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46,000-year-old prehistoric worms from the Ice Age preserved in permafrost brought back to life by scientists
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46,000-year-old prehistoric worms from the Ice Age preserved in permafrost brought back to life by scientists

Prehistoric worms that had been preserved in the frozen Siberian permafrost for 46,000 years were brought back to life by scientists.

A microscopic roundworm – a previously unknown species of nematode – was extracted from permafrost near the Kolyma River in the northeastern Arctic. The nematodes were reanimated after being extracted from the frozen permafrost in Siberia, according to a study published Thursday in the journal PLOS Genetics.

"Survival in extreme environments for prolonged periods is a challenge that only a few organisms are capable of," researchers wrote in the study. "Here, we show that a soil nematode Panagrolaimus kolymaensis suspended life for 46,000 years in the Siberian permafrost."

According to Live Science, "The newly described nematode entered cryptobiosis in the late Pleistocene (2.6 million to 11,700 years ago), an epoch that included that last ice age."

The undescribed species were named Panagrolaimus kolymaensis by scientists. Making the reanimation of the ancient roundworm after 46,000 years more extraordinary is that the typical lifespan of Panagrolaimus kolymaensis is just one to two months.

The scientists determined the age of the roundworms by using radiocarbon dating of the plant material found in the permafrost.

Scientists said the nematodes were able to survive 46,000 years by entering a state called cryptobiosis – in which the animals reduce their metabolism to extremely low levels to withstand extreme conditions.

The authors of the study wrote, "Our findings indicate that by adapting to survive [in a] cryptobiotic state for short time frames in environments like permafrost, some nematode species gained the potential for individual worms to remain in the state for geological timeframes."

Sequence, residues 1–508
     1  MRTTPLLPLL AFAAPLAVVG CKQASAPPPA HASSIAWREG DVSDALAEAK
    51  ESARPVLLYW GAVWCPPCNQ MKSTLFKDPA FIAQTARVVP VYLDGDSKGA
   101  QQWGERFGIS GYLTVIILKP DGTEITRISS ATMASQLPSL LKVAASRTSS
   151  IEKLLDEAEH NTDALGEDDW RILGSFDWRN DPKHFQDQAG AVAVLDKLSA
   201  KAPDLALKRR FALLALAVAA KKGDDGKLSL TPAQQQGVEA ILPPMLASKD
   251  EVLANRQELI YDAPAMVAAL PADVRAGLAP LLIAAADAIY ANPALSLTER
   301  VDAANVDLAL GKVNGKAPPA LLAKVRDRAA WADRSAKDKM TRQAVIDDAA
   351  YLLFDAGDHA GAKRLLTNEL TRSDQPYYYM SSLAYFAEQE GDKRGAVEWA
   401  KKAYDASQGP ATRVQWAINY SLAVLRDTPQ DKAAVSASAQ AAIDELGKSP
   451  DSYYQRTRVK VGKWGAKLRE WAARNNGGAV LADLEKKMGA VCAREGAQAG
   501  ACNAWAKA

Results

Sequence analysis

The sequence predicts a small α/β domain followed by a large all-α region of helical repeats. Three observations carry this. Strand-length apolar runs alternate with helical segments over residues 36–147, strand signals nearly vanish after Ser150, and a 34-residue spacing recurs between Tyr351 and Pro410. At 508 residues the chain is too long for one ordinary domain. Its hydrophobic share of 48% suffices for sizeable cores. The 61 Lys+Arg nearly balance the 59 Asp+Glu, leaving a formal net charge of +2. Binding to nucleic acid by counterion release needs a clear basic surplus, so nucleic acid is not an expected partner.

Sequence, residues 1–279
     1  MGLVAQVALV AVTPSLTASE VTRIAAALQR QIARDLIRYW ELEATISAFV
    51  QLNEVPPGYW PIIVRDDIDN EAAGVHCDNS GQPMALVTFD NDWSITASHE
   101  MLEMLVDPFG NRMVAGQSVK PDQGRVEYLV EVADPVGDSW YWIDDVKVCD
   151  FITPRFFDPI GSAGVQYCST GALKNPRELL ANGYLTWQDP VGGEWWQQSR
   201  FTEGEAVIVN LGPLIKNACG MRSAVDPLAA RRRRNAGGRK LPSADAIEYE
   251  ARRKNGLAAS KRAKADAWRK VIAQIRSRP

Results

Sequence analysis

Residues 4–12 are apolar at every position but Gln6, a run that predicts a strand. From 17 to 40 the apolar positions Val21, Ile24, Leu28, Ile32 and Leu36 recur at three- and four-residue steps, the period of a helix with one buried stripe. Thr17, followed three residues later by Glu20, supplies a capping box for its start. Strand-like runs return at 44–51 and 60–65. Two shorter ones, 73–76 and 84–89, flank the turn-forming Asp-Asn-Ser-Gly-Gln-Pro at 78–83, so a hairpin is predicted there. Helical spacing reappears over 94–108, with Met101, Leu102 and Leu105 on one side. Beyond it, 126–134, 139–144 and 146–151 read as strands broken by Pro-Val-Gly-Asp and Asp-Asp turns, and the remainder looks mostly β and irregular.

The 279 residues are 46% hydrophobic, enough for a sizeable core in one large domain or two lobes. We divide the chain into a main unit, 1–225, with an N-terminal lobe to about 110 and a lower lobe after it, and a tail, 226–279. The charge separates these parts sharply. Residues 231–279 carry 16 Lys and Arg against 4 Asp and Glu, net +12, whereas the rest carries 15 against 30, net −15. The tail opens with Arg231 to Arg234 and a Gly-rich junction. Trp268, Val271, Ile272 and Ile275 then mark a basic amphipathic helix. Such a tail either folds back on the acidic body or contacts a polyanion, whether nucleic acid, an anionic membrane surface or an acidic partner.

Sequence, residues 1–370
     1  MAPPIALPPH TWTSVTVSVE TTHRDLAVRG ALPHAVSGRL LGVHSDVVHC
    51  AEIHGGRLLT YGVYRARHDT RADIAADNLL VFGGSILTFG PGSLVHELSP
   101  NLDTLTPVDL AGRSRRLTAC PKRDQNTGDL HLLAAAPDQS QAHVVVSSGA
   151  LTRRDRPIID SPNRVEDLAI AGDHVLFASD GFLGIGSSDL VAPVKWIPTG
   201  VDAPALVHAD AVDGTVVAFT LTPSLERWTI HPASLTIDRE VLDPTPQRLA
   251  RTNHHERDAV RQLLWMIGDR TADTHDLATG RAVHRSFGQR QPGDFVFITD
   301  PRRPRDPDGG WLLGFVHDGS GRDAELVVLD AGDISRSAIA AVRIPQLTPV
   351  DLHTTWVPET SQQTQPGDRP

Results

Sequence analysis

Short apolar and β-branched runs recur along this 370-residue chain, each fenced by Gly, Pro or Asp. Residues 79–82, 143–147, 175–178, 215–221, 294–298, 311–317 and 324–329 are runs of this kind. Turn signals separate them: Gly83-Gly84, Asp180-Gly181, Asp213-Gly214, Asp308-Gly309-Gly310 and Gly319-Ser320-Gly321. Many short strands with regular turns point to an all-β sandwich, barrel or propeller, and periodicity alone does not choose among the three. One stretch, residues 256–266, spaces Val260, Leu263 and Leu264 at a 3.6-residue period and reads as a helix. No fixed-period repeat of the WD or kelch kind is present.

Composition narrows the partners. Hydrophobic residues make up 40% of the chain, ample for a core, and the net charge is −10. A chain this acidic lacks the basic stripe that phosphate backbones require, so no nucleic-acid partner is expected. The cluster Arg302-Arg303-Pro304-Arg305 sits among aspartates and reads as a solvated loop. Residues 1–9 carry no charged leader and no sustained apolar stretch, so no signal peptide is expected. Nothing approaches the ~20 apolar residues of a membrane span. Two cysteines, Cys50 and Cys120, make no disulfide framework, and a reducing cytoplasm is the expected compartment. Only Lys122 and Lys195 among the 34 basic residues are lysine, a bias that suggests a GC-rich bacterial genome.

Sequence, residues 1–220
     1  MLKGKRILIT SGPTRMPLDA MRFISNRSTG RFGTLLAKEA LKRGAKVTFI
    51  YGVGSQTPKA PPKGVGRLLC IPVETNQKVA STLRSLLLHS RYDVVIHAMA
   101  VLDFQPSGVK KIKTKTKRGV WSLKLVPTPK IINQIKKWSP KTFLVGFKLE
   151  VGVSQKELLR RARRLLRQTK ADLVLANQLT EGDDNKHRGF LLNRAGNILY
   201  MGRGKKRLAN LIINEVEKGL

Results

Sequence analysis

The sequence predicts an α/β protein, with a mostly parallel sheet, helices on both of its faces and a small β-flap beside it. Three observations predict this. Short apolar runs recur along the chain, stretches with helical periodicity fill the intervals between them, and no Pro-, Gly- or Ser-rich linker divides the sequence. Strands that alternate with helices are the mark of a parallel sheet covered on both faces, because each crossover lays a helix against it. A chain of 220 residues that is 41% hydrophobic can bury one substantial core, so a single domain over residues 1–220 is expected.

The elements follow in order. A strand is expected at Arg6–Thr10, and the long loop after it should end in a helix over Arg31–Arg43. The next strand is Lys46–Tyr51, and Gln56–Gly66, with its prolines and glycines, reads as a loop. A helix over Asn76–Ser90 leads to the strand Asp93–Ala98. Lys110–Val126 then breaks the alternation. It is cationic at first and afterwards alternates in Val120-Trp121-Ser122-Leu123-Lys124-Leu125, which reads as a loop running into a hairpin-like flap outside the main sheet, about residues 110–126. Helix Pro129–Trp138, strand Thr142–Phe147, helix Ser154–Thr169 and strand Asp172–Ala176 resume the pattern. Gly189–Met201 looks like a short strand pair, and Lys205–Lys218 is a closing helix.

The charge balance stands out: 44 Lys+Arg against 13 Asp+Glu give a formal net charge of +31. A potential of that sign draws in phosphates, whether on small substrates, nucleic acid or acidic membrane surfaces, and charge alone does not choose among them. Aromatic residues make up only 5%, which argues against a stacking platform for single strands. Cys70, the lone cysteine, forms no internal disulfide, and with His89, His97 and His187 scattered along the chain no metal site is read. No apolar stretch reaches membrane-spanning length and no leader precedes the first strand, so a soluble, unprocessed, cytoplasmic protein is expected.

The study noted that the nematodes were located in a fossil burrow left by arctic gophers of the genus Citellus, about 130 feet deep.

Scientists believe the cells of the prehistoric roundworms were protected from dehydration by a sugar named trehalose.

Philipp Schiffer, a co-author of the study and evolutionary biologist at the University of Cologne in Germany, told the Washington Post, "We can say that they are alive, because they move, they eat bacteria on the culture plates, and they reproduce."

Smithsonian Magazine reported, "The researchers learned more about the worms by spawning more than 100 generations of them in the lab. Like other species of Panagrolaimus, the newly discovered one reproduces asexually through parthenogenesis, and it has three full sets of chromosomes, instead of the usual two."

Thomas Boothby, a molecular biologist at the University of Wyoming who was not part of the study, told the Wall Street Journal, "To have a complex and multicellular organism that can shut down and go into this state of suspended animation — for all extents and purposes appear dead... that’s mind-boggling."

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